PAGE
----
This approach is fine as far as it goes but it can overlook the other problems which have developed.
Kingsley is one example: he is a young, athletic horse and is full of energy. His natural response to having foot pain is to try and find a way of carrying himself which allows him to keep moving and reduce discomfort - a perfectly normal response of course.
In his case, the solution resulted in him twisting his body and throwing his legs out at strange angles with each step he took. This had knock-on effects on his neck and shoulder muscles, as Wiola has documented in her blog, and also meant he was unable to trot correctly because trotting requires movement on a diagonal and therefore a loose back, which he didn't have.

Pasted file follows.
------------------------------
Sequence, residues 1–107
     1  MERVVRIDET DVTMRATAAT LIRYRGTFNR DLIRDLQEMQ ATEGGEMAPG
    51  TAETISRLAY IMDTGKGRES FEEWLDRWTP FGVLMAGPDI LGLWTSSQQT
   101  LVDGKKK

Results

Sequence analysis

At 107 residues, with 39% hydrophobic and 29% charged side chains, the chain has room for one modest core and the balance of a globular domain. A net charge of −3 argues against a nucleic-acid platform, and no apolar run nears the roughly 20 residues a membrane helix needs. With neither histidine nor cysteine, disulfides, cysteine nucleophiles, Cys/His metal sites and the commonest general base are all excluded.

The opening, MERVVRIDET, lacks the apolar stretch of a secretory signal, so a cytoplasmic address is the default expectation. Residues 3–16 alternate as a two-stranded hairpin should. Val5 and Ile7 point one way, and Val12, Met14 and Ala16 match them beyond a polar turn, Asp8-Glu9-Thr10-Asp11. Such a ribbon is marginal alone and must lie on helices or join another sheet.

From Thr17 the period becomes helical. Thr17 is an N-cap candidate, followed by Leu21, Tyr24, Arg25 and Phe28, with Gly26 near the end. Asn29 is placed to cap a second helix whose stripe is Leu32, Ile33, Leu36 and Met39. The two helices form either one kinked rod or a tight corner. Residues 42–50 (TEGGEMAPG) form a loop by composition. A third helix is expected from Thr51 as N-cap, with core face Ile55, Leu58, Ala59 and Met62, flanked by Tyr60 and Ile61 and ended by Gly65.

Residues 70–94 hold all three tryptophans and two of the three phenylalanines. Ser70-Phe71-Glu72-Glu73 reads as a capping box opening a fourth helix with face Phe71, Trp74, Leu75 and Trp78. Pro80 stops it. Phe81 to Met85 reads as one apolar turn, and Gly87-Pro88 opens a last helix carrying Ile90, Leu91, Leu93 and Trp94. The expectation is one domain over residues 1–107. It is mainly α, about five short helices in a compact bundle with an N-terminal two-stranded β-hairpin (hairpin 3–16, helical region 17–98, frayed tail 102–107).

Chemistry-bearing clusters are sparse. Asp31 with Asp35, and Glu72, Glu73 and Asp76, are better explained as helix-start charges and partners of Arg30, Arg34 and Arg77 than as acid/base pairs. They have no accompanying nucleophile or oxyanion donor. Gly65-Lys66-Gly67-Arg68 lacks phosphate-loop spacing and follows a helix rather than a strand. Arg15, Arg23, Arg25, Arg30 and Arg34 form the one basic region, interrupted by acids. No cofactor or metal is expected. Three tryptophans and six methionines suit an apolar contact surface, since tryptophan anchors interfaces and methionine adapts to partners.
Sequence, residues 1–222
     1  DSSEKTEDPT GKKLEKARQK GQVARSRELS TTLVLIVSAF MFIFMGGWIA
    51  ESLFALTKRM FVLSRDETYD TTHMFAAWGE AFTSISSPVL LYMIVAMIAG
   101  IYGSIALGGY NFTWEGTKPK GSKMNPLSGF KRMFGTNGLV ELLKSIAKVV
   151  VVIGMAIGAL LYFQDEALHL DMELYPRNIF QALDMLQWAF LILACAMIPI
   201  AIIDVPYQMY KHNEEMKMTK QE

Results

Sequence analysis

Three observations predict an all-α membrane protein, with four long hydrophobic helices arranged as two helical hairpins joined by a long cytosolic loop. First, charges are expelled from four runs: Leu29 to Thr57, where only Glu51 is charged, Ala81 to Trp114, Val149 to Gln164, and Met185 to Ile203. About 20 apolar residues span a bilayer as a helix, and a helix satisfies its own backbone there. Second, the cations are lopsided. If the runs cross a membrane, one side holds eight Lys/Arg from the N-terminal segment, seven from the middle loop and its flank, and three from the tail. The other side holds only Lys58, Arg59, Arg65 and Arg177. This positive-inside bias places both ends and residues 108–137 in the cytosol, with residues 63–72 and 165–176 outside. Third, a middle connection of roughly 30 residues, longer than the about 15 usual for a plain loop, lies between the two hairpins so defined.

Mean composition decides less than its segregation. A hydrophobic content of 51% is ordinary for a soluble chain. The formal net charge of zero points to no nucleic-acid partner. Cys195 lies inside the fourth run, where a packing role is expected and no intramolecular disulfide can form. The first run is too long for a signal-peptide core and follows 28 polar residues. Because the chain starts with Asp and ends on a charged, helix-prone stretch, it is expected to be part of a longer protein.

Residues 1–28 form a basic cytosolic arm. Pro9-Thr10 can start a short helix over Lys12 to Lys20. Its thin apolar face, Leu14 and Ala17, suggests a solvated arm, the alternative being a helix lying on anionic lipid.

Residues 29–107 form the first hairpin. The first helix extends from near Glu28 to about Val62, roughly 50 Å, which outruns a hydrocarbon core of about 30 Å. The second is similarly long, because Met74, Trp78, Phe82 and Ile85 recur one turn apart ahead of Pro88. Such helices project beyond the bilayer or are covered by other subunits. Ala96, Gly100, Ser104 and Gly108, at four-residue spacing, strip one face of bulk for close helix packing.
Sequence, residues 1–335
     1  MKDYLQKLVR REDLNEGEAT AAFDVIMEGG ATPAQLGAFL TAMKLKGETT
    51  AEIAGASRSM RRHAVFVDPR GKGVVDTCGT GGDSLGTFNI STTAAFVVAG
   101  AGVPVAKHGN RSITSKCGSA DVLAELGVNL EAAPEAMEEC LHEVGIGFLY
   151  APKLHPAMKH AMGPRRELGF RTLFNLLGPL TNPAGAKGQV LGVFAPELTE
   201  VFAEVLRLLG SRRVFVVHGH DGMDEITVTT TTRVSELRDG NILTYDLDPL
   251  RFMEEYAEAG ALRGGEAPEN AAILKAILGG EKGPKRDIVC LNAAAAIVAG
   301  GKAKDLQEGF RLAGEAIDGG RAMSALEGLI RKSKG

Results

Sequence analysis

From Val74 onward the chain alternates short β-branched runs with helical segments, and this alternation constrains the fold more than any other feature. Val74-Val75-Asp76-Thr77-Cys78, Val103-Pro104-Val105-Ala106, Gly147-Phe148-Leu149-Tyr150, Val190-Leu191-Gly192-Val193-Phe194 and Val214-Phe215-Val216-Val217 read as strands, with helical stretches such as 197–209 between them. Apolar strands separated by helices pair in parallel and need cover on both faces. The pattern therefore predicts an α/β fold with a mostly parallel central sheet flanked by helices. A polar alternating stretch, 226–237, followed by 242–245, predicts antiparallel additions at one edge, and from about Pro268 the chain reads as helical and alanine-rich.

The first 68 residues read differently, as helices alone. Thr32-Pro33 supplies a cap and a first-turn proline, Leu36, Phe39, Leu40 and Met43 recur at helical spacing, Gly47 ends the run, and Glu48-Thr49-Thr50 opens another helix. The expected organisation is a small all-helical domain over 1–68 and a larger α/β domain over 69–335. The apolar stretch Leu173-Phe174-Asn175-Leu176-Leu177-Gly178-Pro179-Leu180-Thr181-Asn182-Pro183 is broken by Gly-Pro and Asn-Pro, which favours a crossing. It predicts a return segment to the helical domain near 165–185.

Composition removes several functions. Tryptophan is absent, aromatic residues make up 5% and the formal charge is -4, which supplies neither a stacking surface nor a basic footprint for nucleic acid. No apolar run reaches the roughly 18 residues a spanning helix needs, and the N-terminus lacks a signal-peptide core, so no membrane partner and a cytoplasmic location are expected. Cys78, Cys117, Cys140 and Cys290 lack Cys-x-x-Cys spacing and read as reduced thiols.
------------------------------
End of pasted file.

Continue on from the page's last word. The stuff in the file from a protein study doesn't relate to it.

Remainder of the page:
Other horses, perhaps those who aren't as young and flexible as Kingsley, end up with neck pain, from bracing to stabilise a weak front limb, or hind limb weakness where they have locked the back muscles to prevent the weaker front limb from too much pressure.
One thing is for sure - any horse who has a leg problem for more than a short time will also have neck or back pain.